© 2024 KASU
Your Connection to Music, News, Arts and Views for Over 65 Years
Play Live Radio
Next Up:
0:00 0:00
Available On Air Stations

Jacob McMurray, a SciFi Kind of Guy

Jacob McMurray
Jacob McMurray

Jacob McMurray is a senior curator at the Science Fiction Museum and Hall of Fame in Seattle. He's also a senior curator at the Experience Music Project, a museum celebrating jazz, hip-hop and other contemporary American music.

Yes, he reads science fiction. And he has some specific thoughts about the genre.

"A lot of books in the '50s and '40s don't hold up at all now because, either the scientific advances that they're talking about just never happened, or these sort of cultural things that were happening at the time are so different than what's happening now that it seems absurd," he tells Liane Hansen. "I think a lot of the stuff from the '60s and '70s, when authors were trying to focus on social aspects of humanity, I think those books hold up really well. You know, a lot of the science fiction that's happening in the '80s and '90s today is less fantastic, sort of focused on scientific technologies that are happening today."

Jacob McMurray's Book List:

The Chronicles of Narnia series by C.S. Lewis. (He began reading these books at age 6.)

Sentenced to Prism, by Alan Dean Foster.

The Gormenghast trilogy, by Mervyn Peake.

The Fifth Head of Cerberus, by Gene Wolfe. "Gene Wolfe reminds me a lot of this story by Gabriel Garcia Marquez called "The Handsomest Drowned Man in the World." Where this gigantic drowned man arrives on the shore of this little farming village. And the women all come down to the beach and they're so amazed at the beauty of the dead man. And there's never concern that this is a weird situation or that, 'Wow, a dead man has just floated up on the beach.' It's that sort of magicalness is what captivates me with Gene Wolfe."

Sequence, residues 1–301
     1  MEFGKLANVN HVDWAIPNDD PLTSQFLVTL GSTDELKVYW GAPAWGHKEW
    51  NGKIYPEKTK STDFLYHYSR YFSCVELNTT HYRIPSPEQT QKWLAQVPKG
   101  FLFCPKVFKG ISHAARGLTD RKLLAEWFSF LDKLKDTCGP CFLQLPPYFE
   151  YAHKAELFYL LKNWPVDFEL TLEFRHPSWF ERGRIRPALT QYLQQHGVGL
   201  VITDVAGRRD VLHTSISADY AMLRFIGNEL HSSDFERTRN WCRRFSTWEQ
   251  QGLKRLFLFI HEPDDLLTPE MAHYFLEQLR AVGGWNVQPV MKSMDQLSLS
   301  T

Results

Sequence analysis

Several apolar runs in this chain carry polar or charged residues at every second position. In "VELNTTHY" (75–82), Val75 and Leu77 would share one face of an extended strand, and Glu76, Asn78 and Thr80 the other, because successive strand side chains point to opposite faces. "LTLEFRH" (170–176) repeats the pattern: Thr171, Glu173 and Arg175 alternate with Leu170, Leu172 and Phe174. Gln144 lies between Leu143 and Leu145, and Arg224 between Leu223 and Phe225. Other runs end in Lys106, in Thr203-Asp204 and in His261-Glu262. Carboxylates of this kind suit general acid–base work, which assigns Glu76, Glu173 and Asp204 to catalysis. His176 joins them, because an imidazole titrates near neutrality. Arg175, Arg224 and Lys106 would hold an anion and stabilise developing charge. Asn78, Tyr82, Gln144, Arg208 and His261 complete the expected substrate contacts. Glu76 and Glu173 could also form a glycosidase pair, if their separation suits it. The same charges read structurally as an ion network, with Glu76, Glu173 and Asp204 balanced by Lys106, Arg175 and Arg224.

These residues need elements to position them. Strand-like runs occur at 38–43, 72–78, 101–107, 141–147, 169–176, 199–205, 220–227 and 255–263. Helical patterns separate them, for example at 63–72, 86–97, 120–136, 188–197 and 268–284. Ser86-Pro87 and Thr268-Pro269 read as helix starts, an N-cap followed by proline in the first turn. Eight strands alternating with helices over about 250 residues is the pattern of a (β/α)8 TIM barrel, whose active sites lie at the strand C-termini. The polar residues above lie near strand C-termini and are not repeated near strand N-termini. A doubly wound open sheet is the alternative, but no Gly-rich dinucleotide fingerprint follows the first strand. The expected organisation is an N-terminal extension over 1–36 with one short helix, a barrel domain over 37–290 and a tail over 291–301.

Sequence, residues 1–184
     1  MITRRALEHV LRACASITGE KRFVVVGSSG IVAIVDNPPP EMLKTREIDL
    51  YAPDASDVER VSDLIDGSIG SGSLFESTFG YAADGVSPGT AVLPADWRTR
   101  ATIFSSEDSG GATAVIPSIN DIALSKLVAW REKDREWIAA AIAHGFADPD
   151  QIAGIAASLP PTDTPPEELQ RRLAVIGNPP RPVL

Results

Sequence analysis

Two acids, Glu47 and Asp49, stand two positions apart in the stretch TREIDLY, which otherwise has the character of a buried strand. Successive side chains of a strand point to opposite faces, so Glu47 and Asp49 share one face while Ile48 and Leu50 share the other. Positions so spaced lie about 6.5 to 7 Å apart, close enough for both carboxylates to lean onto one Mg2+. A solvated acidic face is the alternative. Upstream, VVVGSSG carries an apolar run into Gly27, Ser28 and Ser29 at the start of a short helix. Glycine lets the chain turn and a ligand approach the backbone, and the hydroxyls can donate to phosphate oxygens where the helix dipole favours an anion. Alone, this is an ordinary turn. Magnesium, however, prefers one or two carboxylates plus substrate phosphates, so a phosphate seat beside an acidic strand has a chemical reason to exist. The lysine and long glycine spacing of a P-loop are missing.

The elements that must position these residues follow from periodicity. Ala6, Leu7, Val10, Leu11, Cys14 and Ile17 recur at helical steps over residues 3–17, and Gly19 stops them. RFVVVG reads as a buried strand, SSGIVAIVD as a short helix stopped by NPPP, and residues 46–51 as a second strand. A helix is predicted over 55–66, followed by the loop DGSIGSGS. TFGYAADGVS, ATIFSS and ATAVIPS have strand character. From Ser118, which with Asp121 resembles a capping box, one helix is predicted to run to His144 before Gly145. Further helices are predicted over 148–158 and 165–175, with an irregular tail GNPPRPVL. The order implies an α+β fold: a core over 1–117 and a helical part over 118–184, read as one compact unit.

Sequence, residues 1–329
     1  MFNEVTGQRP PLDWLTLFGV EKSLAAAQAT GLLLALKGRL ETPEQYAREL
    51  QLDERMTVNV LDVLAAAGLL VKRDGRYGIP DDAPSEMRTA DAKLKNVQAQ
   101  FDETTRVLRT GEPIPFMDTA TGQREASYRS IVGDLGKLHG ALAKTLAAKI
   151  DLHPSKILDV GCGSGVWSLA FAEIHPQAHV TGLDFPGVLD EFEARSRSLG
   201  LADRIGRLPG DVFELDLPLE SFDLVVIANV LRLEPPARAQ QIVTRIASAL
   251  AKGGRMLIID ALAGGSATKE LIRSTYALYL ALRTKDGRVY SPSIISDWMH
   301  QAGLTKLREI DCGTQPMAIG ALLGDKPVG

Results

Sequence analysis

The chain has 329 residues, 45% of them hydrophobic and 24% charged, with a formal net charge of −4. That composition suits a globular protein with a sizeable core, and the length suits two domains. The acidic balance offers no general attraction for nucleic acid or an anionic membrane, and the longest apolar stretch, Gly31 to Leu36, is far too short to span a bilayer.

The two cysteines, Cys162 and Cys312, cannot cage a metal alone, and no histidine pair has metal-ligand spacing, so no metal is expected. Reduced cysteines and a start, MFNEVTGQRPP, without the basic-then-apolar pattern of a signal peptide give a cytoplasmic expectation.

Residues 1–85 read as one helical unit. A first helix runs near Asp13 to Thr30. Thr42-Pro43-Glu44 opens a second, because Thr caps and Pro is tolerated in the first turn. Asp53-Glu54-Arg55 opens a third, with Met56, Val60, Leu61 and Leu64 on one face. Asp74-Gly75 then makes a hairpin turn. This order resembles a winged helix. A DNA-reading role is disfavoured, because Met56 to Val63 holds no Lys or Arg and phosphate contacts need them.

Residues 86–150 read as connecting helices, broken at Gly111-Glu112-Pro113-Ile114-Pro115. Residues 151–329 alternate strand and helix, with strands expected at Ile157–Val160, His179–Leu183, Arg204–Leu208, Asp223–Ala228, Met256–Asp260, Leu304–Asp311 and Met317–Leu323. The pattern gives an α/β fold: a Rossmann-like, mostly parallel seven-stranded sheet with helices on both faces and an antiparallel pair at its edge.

HP Lovecraft: Against the World, Against Life, by Michel Hoellebecq. "Lovecraft felt that we were in this island of placidity amidst black seas of infinity. And if we actually knew what was out there and could fathom all of that, we would go instantly insane."

Hammer of the Gods, by Stephen Davis (a history of Led Zeppelin). "I remember reading this book, drunk at a party... Led Zeppelin is one of those bands where there's a lot of mythology associated with them. There's one story that's a very famous story about sex and fish and the Edgewater hotel that Led Zeppelin was involved in..."

As they used to say on those public-TV book shows for kids, "If you want to know more about THAT scene you'll have to read the book."

Copyright 2022 NPR. To see more, visit https://www.npr.org.